Peoples in Asia live our shared aspirations for justice and freedom in challenging situations of poverty and violence. In a series of talks, Fr. Daniel Franklin Pilario,?CM,?a Vincentian theologian from the Philippines, reflects on the sufferings and pains as well as on the resistance and?the?hopes for justice among the?marginalized?victims in Asia and other parts of our world.?
Fr.?Pilario?comes to St. John’s University as?a Visiting Professor and?the Vincentian Chair of Social Justice 2021–22. He earned his Ph.D. in Theology and Religious Studies and?Sacra?Theologia?Doctor?from the?Katholieke?Universiteit Leuven in Belgium.
Before joining St. John’s University, he was Professor and Dean of St. Vincent School of Theology at Adamson University, Quezon City, Philippines. His dissertation was published as?Back to the Rough Grounds of Praxis: Exploring Theological Method with Pierre Bourdieu?(2005) and was awarded the best research in humanities. His recent publications and research focused on Asian theologies, justice and liberation, inculturation, political theology, Catholic Social teaching, human rights and ecology.?
Throughout his time at St. John’s University, Fr. Pilario will present a four-part lecture series that explores “The Summons of Social Justice: Perspectives from Asian Christianity.”
For more information on Father Pilario, please click here.
Date: Monday, December 6, 2021Time: 1:50–3:30 p.m. ESTLocation: The Little Theatre, in-person and live-streamed. You may access the live stream at 1:50 p.m. on Monday, December 6.Registration:?Click here to register for the December 6 lecture
This is a fully masked event. Proof of vaccination required upon entry.?
The COVID-19 pandemic has wrought havoc in all countries, in all facets of?life, in all levels of society.?What does a pandemic look like in a poor Asian country with a corrupt system under a populist regime? How do its people survive this ongoing trauma when health institutions are overwhelmed, when vaccine supplies are not coming, when the people have no food and work? How do the poor lead us to imagine a different future??
Date: Thursday, March 10, 2022Time: 1:50–3:45 p.m. ESTLocation: D’Angelo Center Ballroom, Room 416Registration: required; link to be provided soon.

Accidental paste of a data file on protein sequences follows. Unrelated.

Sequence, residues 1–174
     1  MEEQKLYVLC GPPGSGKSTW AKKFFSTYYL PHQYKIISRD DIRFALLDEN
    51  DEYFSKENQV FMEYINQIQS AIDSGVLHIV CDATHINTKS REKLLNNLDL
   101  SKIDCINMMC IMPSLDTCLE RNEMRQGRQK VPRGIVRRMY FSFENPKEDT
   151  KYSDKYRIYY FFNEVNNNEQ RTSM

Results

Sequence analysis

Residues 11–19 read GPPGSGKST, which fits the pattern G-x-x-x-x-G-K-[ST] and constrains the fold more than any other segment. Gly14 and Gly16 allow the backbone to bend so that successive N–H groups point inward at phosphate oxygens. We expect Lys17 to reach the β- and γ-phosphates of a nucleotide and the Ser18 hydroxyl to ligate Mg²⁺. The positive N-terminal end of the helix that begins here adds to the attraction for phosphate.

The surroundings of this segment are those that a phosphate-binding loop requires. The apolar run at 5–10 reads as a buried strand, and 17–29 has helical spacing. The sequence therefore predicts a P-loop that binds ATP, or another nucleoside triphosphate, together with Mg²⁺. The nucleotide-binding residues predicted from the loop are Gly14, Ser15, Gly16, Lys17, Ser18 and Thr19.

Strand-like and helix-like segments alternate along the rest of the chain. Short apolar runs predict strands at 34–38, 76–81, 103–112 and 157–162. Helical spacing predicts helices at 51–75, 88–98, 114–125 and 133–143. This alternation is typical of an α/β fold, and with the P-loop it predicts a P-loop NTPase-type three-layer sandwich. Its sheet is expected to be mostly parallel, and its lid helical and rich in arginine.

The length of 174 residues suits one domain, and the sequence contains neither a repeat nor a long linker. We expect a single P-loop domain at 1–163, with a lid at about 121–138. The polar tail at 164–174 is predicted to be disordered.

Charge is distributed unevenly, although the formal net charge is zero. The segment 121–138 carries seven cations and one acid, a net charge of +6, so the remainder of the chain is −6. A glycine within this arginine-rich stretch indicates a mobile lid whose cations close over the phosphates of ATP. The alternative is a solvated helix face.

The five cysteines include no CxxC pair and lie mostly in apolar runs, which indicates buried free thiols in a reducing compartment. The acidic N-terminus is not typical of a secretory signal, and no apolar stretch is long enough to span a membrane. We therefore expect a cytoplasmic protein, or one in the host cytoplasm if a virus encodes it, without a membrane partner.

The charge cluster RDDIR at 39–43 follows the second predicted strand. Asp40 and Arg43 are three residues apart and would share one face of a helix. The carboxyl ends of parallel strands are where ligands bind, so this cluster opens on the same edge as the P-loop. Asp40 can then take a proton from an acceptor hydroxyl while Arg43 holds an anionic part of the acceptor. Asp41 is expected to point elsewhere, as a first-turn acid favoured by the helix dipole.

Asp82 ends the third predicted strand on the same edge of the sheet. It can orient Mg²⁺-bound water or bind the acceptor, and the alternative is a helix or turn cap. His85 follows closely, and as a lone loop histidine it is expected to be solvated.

Millions of people suffer worldwide due to unemployment, climate change, dislocation, war, and violence. Theologians call them “crucified people.” How can their unjust suffering be considered salvific? Can they also be considered martyrs? How do we rethink following Jesus on the cross??
Date: Monday, April 25, 2022Time: 7–8:30 p.m. ESTLocation: TBARegistration: required; link to be provided soon.
The present ecological crisis is most often framed through the prism of the apocalypse. From the dystopic Hollywood movies to the protests of Greta Thunberg, we are ushered to the impending “end the world.”?Apocalypticism has twofold effects: it either paralyzes people or drives them to action. Based on the experiences of people at Ground Zero of typhoon Haiyan in the islands of the Philippines, and in the spirit of Pope Francis’?Laudato?Si, this talk seeks to ask what elements of apocalyptic spirituality can help us in caring for our common home.??
Date: Monday, October 18, 2021
Since Philippine President Rodrigo Duterte took over the helm of power in 2016, his flagship program on the “War on Drugs” has killed more than 33,000 alleged drug addicts. The Vincentians have journeyed with the left-behind families, from the funeral of their loved ones to the everyday rebuilding of their lives. The harrowing experience of their widows and orphans is indescribable. But their stories of resistance point to unmistakable hope. What do we learn from them as Christians of our times?
Event flyer is available here?(PDF)